World shares fell close to 1.5 percent Monday, with European equities tumbling more than 2 percent as investors worried that Greece would default amid signs of disagreement among euro zone policymakers.

Japan's Nikkei closed at a 2-1/2 year low.

Yields fell on long-term core euro zone debt, home to safety plays during times of strife, but the euro fell against the dollar.

Markets were partly reacting to the failure over the weekend of the Group of Seven industrialized nations finance ministers to come up with more than a stated commitment to help turn the world economy around.

But they were mainly focused on the euro zone debt crisis.

German policymaker Juergen Stark's resignation from the European Central Bank's board on Friday underscored internal divisions over its bond-buying program -- one of the central bank's main weapons in fighting the debt crisis by forcing down yields of country's under pressure from the bond markets.

This is clearly not good news for the market, it is bad news for the banks and the equity markets, it just keeps them under pressure, Mike Lenhoff, chief strategist at wealth manager Brewin Dolphin, told Reuters.

At the same time, worries bubbled up again over the ability of Greece to meet its commitments to qualify for more bailout money.

Fears about a Greek default rose last week after senior politicians in German Chancellor Angela Merkel's center-right coalition started talking openly about it. Greece, meanwhile, confirmed on Monday that the country has cash for only a few more weeks.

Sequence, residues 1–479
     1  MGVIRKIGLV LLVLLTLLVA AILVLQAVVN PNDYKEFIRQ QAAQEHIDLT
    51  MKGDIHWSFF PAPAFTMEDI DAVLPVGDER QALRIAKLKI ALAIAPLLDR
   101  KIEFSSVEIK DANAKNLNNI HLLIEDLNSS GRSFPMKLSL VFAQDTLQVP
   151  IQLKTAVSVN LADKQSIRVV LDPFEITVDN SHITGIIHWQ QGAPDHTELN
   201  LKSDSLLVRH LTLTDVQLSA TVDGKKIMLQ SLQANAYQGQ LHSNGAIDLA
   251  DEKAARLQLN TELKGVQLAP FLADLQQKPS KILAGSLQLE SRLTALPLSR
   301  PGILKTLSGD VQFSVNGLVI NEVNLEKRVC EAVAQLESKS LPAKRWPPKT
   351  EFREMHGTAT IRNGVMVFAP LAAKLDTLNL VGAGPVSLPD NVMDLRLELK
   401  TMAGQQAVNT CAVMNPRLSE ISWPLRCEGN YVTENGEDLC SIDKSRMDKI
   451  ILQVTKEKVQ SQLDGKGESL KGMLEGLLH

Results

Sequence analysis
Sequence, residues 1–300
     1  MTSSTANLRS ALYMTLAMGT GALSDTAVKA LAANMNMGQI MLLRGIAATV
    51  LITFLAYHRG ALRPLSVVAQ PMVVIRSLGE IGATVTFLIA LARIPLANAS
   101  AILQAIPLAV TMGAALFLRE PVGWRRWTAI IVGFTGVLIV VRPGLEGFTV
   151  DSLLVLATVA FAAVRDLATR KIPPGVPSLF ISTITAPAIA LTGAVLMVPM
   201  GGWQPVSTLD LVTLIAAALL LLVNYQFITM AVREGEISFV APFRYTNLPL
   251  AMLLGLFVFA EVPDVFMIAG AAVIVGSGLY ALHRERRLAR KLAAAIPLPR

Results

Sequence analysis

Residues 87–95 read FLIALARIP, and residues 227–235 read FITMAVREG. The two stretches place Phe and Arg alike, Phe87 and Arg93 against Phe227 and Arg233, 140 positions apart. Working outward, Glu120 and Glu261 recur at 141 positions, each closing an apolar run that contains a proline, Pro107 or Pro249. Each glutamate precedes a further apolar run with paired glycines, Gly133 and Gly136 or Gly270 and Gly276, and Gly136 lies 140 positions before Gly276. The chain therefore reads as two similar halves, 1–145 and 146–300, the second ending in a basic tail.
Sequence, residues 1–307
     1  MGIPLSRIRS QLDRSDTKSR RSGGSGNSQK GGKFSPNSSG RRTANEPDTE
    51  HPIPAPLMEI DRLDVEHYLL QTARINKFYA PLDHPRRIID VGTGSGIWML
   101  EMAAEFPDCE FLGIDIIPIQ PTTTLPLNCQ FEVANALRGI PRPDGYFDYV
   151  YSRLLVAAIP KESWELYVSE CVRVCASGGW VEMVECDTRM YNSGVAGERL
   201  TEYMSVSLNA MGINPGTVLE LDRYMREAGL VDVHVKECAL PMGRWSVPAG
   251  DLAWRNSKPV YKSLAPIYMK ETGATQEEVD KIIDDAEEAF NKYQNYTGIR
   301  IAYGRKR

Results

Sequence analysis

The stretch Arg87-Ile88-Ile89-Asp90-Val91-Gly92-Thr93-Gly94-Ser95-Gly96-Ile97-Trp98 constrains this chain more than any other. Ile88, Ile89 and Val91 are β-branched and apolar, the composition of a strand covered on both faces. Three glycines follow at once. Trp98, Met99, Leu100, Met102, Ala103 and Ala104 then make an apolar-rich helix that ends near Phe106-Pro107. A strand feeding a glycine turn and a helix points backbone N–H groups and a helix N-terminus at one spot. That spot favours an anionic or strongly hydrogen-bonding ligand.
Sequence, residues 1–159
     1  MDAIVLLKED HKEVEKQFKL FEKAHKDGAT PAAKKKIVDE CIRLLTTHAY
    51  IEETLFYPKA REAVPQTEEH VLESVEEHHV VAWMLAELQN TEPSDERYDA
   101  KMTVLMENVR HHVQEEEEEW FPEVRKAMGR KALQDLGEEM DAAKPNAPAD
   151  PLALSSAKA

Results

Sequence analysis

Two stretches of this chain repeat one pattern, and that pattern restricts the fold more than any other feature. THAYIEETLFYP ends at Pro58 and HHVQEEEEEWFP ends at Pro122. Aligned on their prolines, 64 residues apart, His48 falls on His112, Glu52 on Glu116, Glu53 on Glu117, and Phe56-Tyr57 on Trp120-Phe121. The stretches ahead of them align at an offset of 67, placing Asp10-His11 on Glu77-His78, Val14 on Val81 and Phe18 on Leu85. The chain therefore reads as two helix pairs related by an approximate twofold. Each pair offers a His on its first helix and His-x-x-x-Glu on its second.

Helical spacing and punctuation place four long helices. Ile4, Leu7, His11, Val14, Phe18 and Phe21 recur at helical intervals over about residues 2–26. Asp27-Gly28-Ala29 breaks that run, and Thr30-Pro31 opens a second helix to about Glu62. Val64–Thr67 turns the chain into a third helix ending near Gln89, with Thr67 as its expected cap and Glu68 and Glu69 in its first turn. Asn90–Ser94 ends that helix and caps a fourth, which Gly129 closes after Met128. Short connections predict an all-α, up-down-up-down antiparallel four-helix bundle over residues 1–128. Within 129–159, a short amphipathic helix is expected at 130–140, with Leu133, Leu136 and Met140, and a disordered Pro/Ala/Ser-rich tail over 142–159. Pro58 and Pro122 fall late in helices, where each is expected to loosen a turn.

International lenders threatened last week to withhold the sixth bailout payment of about 8 billion euros ($11 million) because of the country's repeated fiscal slippage.

The Greek government announced on Sunday a new property tax to make sure it would meet its budget targets and qualify for the tranche.

Europe is not just lurching from one crisis to another. It is lurching into a new one before the previous one is solved, said Makoto Noji, senior strategist at SMBC Nikko Securities.


The euro dived to a seven-month low against the U.S. dollar and a 10-year trough versus the yen.

The outlook for Greece is almost completely unknown. Support for the country appears to be shaking. The market is starting to think the worst could happen, said Katsunori Kitakura, chief dealer at Chuo Mitsui Trust and Banking.

It's as if policymakers are starting to prepare for that, Kitakura said.

The euro fell as low as $1.34949, its lowest since February.

On bond markets, Italian and Spanish government bond yields rose, feeling the pressure of upcoming debt supply and the rising concern over Greece.

(Editing by Patrick Graham)